The wide range of genuinely interesting games and the general unpredictability of ODI matches around the world have come as a blessing for ODI cricket in particular, and cricket in general. The worst thing you can have after a successful tournament like the T20 World Cup is a series of dull matches coming as an anti-climax. The interesting thing about the cricket around is that while the margins and final results have been one-sided, the games have not, and have been cut a lot closer than the final margins suggest, as in the first SA-Pak ODI.
While Pakistan have had some trouble making the transition from T20 to Test and ODI cricket, South Africa have had no such problems, looking completely at ease in both forms of the game. The biggest difference between the two sides has been that of application. The South African batsmen have been willing to dig in, settle down, take their time while still keeping the scoring brisk. In that pattern, Gibbs (102) and De Villiers (103) helped take South Africa to 294 for 5 in their 50 overs.
What Pakistan will need to redress is the fact that their best bowling contributions came from their supposed part-times, Hafeez (44 for 0 off 10) and Afridi (48 for 1 off 10), with each of strike bowlers going for over 5.75 per over.
The Pakistani batsmen, on the other hand, have looked strangely reluctant to spend time in the middle. A dash of strokes and a lack of application meant that the top order collapsed once again, with resilience being shown only by Mohammad Yousuf with 53. Despite fireworks and a late charge towards the end by the lower middle order, they folded their innings up for 249 off 46.1 overs.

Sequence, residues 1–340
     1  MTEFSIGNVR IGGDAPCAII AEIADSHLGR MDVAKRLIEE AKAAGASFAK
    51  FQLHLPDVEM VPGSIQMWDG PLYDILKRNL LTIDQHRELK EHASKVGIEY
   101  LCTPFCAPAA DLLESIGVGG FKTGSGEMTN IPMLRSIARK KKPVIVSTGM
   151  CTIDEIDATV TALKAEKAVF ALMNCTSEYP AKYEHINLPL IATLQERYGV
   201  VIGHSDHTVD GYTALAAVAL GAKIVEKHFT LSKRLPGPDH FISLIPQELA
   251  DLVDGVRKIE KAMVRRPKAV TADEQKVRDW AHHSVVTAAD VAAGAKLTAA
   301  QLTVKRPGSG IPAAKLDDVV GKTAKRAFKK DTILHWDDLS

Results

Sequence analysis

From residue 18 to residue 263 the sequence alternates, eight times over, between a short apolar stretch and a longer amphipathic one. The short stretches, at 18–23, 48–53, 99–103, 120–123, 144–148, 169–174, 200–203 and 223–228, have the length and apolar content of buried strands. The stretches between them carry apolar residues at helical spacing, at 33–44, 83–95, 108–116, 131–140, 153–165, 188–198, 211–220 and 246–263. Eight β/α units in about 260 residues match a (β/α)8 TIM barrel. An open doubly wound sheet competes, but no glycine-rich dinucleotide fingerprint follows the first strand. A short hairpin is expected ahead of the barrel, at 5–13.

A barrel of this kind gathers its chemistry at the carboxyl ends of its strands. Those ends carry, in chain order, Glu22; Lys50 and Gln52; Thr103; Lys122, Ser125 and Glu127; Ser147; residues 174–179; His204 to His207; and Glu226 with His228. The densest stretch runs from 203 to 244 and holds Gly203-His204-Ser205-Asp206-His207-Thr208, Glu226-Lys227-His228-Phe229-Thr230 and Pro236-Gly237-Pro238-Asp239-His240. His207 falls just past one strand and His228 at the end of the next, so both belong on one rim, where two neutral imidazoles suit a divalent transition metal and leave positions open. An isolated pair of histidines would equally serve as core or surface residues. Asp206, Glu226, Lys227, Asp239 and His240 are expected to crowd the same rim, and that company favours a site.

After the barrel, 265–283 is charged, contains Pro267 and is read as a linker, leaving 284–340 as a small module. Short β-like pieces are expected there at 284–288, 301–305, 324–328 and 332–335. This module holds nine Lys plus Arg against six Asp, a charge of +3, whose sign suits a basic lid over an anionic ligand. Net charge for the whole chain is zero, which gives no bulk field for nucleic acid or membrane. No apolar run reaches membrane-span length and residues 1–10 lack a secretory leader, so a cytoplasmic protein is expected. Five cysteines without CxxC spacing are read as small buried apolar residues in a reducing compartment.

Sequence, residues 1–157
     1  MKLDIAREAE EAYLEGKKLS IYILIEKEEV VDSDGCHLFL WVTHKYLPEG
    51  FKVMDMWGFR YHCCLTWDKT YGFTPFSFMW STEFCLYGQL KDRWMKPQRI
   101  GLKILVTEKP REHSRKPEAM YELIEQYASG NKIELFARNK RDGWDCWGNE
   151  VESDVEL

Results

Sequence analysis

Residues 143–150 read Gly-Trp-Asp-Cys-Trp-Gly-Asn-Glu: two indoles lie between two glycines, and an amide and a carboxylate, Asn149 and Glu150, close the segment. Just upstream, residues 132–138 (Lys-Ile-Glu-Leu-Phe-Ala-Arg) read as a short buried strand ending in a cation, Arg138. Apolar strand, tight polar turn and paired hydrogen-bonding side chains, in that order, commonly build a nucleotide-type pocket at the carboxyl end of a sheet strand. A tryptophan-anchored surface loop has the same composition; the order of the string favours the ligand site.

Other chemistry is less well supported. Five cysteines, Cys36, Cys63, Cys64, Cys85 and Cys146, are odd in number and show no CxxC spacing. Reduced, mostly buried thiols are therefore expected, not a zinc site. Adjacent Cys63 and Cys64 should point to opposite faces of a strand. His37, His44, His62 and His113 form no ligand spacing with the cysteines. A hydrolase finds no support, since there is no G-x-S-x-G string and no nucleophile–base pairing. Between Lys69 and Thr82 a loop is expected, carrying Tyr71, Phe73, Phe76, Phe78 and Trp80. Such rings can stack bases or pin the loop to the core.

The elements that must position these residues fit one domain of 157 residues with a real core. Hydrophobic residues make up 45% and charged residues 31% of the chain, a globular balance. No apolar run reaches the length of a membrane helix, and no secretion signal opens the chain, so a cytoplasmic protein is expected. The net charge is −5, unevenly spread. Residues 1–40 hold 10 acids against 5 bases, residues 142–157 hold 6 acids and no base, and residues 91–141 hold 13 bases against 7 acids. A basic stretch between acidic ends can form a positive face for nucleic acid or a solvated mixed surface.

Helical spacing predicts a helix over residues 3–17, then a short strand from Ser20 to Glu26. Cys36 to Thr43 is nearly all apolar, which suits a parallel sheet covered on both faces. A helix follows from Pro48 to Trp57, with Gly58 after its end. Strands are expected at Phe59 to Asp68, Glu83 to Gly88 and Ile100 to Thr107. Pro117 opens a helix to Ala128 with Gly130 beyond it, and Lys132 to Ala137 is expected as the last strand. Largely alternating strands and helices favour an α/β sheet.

There is some merit in the heavily questioned and frequently criticized move of bringing Shahid Afridi so low down the order. Afridi is a man who is more likely to give you a 30 ball 45 than a 70 ball 100 on a regular basis. And a 30 ball 45 is most useful when either coming towards the end of the innings, or right at the beginning. He has shown a tendency to not be so comfortable at the top of the order, and so, it makes more sense to use him to bolster the innings towards it's final quarter.
There is, of course, such a thing as coming in too low. Afridi came in today at number 8, at a time when Pakistan had lost more than half the side, and needed too many to get. The 10 per over asking rate wasn't as big a problem as the need to maintain it for over 100 runs was. A blistering innings from him (47 off 26) and Tanvir (26 off 17) meant that the game was never out of Pakistan's reach. But Afridi and the tail were left with far too much to do, and the South African bowlers possess too much guile and craft to allow them to run away with the match.
From here on, to get up on the scoreboard against the Africans, Pakistan will have to either raise their strength - their natural flair and sheer talent - to such a level as to overcome the discipline of the South Africans, or put their heads down, apply themselves and take the unfashionable but more certain way to glory.